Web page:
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Physical Well-being

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Steps to Help You Stop Smoking for Good

by Thomas H. Brandon, PhD, and Vani Nath Simmons, PhD

After receiving a cancer diagnosis, some people feel that there is no longer any point to quitting smoking, that it is now too late. However, it is never too late to quit smoking. Indeed, quitting smoking can be especially important for cancer survivors.

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Caring for Your Mind and Body through Cancer

by Donna Wilson, RN, MSN, RRT, and Diana Sadtler, BS, CPT-NASM, CES

People making the journey through cancer treatment find that life changes in many ways. The road to recovery is different for everyone, but taking care of your mind and body is critical.

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Neutropenia and Risk for Infection

Neutropenia, pronounced nootroh-PEE-nee-uh, is a decrease in the number of white blood cells. These cells are the body’s main defense against infection. Neutropenia is common after receiving chemotherapy and increases your risk for infections.

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Healthy for the Holidays

by Karen Syrjala, PhD

Surviving the holidays with one’s waistline, bank account, and sanity intact can be challenging for everyone, but the season affords specific issues for cancer survivors who are mindful of staying healthy throughout the season and beyond. Here are some tips to help survivors have a healthier holiday season and less stressful new year.

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Exercise Can Help Cancer Survivors, Though Many Are Reluctant to Do It

Numerous studies have shown the powerful effect that exercise can have on cancer care and recovery. For people who have gone through breast or colon cancer treatment, regular exercise has been found to reduce recurrence of the disease by up to 50 percent. But many cancer survivors are reluctant to exercise, and few discuss it with their oncologists.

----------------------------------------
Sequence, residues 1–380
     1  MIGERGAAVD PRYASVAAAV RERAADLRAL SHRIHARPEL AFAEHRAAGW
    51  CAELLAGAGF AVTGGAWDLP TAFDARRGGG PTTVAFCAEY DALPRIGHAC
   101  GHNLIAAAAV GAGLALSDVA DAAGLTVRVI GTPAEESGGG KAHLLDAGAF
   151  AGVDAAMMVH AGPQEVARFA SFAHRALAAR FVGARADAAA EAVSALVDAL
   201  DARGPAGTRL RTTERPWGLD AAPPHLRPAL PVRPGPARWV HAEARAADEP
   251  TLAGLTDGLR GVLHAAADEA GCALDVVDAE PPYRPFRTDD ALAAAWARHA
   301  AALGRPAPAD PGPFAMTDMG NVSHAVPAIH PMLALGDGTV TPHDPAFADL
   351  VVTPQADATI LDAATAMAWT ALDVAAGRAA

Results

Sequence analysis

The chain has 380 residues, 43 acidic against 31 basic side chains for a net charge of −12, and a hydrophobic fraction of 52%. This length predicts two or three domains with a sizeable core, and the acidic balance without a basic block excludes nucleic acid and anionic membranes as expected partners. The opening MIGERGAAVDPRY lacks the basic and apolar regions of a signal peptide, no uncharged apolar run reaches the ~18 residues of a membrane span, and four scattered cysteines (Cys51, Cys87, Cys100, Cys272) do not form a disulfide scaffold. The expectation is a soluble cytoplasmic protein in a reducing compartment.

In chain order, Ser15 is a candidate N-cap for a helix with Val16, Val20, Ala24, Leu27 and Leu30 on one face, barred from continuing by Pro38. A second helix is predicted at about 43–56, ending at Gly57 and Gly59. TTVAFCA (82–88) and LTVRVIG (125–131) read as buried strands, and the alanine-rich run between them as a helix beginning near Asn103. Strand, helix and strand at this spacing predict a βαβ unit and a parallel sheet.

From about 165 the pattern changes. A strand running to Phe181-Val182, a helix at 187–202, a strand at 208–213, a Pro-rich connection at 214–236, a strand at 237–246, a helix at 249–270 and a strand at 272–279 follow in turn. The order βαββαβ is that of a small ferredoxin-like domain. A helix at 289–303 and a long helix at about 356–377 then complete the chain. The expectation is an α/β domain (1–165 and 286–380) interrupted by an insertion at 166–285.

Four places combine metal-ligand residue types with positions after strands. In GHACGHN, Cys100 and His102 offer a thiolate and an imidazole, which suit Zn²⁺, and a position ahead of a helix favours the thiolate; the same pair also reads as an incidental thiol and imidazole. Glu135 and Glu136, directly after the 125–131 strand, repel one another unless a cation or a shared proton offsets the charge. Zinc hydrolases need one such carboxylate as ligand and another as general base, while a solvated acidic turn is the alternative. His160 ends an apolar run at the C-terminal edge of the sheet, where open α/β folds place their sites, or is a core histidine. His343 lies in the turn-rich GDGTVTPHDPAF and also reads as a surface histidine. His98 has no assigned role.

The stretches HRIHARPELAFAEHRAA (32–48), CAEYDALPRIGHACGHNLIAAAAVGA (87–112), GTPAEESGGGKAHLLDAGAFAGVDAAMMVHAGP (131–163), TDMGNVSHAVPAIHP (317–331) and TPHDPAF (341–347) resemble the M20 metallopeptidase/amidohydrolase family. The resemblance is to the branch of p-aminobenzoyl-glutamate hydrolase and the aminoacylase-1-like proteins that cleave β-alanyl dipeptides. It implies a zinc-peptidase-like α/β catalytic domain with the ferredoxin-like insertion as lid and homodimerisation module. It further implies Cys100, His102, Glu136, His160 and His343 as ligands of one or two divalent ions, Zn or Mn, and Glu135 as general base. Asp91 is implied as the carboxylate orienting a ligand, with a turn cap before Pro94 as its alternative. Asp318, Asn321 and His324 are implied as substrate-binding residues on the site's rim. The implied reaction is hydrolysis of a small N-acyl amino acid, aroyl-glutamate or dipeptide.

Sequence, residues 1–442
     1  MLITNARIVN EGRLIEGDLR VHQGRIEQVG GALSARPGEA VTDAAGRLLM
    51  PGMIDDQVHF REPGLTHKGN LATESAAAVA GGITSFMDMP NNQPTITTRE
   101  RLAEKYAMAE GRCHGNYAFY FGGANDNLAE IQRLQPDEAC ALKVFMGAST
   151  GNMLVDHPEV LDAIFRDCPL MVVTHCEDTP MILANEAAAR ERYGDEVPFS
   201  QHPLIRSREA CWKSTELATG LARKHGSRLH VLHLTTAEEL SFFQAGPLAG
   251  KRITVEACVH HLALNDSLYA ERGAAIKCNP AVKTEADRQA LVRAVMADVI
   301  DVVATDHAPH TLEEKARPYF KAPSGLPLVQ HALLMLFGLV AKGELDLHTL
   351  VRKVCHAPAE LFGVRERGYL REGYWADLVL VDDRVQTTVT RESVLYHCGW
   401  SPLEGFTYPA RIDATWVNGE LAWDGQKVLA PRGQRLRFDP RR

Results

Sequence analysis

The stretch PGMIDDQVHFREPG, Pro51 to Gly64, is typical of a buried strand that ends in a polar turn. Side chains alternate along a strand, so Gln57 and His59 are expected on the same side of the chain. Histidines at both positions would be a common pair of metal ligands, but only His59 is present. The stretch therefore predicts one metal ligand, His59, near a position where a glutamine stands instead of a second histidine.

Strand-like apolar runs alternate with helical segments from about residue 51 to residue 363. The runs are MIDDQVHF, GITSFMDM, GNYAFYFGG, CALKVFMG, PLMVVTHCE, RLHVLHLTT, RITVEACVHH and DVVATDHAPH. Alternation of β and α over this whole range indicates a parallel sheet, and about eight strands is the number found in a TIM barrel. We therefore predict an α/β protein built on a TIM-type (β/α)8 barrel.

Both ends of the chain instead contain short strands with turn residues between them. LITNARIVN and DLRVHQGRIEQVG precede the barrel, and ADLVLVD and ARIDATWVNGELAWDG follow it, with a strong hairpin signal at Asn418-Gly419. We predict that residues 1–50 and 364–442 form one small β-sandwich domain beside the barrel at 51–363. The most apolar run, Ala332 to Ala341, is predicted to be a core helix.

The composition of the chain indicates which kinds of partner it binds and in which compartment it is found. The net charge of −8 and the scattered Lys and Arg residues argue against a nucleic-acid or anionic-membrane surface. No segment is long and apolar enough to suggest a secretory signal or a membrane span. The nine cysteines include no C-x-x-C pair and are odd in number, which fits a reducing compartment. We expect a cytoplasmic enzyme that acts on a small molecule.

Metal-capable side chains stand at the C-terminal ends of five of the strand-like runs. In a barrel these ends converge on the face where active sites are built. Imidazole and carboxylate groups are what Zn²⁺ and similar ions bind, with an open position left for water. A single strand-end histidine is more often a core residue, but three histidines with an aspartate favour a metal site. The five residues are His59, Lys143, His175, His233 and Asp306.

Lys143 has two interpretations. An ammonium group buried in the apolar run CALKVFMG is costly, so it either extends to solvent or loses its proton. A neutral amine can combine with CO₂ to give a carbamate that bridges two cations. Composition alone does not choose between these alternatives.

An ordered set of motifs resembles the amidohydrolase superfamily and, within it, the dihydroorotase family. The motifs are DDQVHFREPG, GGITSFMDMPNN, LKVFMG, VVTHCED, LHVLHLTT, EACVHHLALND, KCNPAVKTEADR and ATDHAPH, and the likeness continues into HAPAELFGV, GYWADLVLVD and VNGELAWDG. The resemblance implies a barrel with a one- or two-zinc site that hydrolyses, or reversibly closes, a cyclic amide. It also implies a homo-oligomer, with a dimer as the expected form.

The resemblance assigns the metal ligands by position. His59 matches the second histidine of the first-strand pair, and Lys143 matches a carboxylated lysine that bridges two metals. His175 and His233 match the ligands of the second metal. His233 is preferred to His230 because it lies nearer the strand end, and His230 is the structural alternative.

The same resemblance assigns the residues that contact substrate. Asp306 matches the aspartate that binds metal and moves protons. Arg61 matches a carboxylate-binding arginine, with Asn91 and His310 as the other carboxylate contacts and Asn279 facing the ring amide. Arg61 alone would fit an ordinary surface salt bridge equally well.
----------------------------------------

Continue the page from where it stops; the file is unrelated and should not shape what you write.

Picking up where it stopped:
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The Benefits of Physical Activity for Cancer Survivors

by Jacqui Errico and Debbie Hughes

In June 2010, the American College of Sports Medicine changed its guidelines for people with cancer from recommending that bed rest is best to encouraging survivors to “avoid inactivity.” ACSM’s updated recommendation on exercise and physical activity for cancer survivors advise 150 minutes per week of moderate-intensity aerobic activity and at least two days per week of moderate-intensity muscle strengthening activities that involve all major muscle groups.

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Reduce Your Risk of Infection

by Jeremy Young, MD, MPH

Having cancer can increase your risk of some infections. The good news is, due to education, more aggressive infection control efforts, vaccination, advancements in diagnostic and therapeutic measures, medications to help re-establish the immune system, and the prudent use of preventive antibiotics, the risk of infection in people with cancer has decreased significantly over the past few decades. In fact, by following a few simple rules, you have the power to greatly reduce your risk.

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Exercise for Cancer Survivors

by Claudio Battaglini, PhD, and Denise Spector, PhD, RN

It has been estimated that the number of cancer survivors in the United States exceeds 13 million and is continually growing thanks to improvements in both early detection and cancer treatments. This is great news! However, cancer survivors often have unique healthcare needs that can significantly affect their quality of life, both physically and emotionally.

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